A cluster randomised control trial to evaluate the effectiveness and cost-effectiveness of the Italian Medicines Use Review (I-MUR) for asthma patients

Manfrin, Andrea (2018) A cluster randomised control trial to evaluate the effectiveness and cost-effectiveness of the Italian Medicines Use Review (I-MUR) for asthma patients. BMCSeriesEditorial xls. Located at: KAR. (Unpublished) (Full text available)

MS Excel (Data set used for the economic analysis of the I-MUR study) - Updated Version

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Abstract

Background The economic burden of asthma, which relates to the degree of control, is €5 billion annually in Italy. Pharmacists could help improve asthma control, reducing this burden. Objective To evaluate the effectiveness and cost-effectiveness of Medicines Use Reviews provided by community pharmacists in asthma. Methods Design, setting and participants Cluster randomised, multi-centre, controlled trial in adult patients with asthma, conducted in 15 of the 20 regions of Italy between September 2014 and July 2015. After stratification by region, community pharmacists were randomly allocated to group A (trained in and delivered the intervention at baseline) or B (training and delivery three months later), using computerised random number generation in blocks of 10. Each recruited up to five patients, with both groups followed for nine months. Intervention Systematic, structured face-to-face consultation with a pharmacist, covering asthma symptoms, medicines used, attitude towards medicines and adherence, recording pharmacist-identified pharmaceutical care issues (PCIs). Primary outcome Asthma control, assessed using the Asthma-Control-Test (ACT) score (ACT?20 represents good control). Secondary outcomes Number of active ingredients, adherence, number of PCIs, cost-effectiveness compared with usual care. Blinding was not possible for either pharmacists or patients. Assessment of outcomes was conducted by researchers blind to group allocation. Results Numbers of pharmacists and patients enrolled were 283 (A=136; B=147) and 1263 (A=600; B=663), numbers completing were 201 (A=97; B=104) and 816 (A=400; B=416), respectively. Patients were similar in age and gender and 56.13% (458/816) had poor/partial asthma control. Median ACT score at baseline differed between groups (A=19, B=18; p<0.01). Odds ratio for improved asthma control was 1.76 (95% CI 1.33 to 2.33) and number needed to treat 10 (95% CI 6 to 28). Number of active ingredients reduced by 7.9% post-intervention (p<0.01). Adherence improved by 35.4% three months post-intervention and 40.0% at six months (p<0.01). Pharmacists identified 1256 PCIs (mean 1.54/patient), mostly need for education, monitoring and potentially ineffective therapy. The probability of the intervention being more cost-effective than usual care was 100% at nine months. Conclusions This community pharmacist-based intervention demonstrated both effectiveness and cost-effectiveness. It has since been implemented as the first community pharmacy cognitive service in Italy. TRN: ISRCTN72438848 (registered 5th January 2015)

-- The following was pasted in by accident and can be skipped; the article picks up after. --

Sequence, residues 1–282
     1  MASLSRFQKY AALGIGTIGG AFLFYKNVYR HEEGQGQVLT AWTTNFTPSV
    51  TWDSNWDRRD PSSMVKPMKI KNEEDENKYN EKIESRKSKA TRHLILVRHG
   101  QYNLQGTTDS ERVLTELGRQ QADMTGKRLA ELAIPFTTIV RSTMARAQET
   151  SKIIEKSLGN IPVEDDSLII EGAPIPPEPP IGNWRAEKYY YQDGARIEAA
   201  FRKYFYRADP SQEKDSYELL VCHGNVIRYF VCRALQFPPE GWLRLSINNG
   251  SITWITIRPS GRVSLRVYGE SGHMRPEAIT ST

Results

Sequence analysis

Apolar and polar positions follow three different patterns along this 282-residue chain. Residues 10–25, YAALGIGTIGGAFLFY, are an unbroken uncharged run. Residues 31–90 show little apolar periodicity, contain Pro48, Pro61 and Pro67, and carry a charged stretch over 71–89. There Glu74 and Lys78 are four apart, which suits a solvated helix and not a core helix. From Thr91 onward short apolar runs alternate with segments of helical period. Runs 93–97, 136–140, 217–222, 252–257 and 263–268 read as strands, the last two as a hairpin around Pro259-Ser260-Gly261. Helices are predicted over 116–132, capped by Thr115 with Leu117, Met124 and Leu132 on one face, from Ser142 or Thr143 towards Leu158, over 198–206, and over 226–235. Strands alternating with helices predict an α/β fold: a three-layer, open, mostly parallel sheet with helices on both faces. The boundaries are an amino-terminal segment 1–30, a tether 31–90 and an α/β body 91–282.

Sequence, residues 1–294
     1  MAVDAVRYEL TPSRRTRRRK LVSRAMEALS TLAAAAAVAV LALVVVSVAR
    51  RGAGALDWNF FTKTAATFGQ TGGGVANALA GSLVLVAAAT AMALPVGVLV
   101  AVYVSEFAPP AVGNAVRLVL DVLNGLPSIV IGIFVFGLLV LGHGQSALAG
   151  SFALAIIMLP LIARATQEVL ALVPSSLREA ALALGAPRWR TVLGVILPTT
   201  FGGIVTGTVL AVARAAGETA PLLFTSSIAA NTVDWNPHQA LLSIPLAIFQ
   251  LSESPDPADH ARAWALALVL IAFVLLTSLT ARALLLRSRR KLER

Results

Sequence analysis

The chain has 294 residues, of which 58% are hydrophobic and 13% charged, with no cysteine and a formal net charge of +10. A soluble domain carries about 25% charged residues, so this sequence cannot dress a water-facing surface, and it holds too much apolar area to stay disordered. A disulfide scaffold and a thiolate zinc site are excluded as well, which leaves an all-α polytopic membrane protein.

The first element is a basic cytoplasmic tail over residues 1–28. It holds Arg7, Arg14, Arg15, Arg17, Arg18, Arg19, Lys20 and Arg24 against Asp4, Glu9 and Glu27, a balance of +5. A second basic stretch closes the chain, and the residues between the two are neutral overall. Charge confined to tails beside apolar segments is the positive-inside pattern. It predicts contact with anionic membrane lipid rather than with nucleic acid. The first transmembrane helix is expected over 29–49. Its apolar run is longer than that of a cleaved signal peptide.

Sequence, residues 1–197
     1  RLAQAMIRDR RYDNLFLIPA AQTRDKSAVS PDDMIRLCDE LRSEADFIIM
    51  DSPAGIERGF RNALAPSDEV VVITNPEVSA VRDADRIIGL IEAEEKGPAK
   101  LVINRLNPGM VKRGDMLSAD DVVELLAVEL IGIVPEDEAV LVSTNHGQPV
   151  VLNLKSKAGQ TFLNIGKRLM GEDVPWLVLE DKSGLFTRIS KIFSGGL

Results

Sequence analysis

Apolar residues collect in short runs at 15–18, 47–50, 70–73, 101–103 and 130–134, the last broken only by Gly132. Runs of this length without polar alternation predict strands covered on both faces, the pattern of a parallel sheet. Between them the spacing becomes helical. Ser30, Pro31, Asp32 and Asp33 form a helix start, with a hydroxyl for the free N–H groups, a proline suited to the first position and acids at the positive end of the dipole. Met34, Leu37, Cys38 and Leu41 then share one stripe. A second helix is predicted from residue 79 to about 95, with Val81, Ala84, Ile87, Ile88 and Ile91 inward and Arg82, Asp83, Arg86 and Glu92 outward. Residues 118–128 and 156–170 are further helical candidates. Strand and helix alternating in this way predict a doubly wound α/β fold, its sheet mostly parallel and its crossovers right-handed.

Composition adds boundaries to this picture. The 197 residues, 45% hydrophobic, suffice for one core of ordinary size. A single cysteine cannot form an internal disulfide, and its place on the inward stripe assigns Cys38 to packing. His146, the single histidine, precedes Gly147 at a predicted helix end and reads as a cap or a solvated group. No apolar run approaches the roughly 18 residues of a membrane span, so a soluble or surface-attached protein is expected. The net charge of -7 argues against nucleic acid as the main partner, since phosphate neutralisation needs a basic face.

Item Type: Datasets / databases
Projects: [UNSPECIFIED] Randomised evaluation of the Italian Medicine Use Review Provided by community pharmacists using asthma as a model (RE I-MUR)
Subjects: R Medicine
R Medicine > RS Pharmacy and materia medica
Divisions: Faculties > Sciences > Medway School of Pharmacy
Depositing User: Andrea Manfrin
Date Deposited: 13 Apr 2016 15:05 UTC
Last Modified: 13 Apr 2018 23:00 UTC
Resource URI: https://kar.kent.ac.uk/id/eprint/54964 (The current URI for this page, for reference purposes)
Manfrin, Andrea: https://orcid.org/0000-0003-3457-9981
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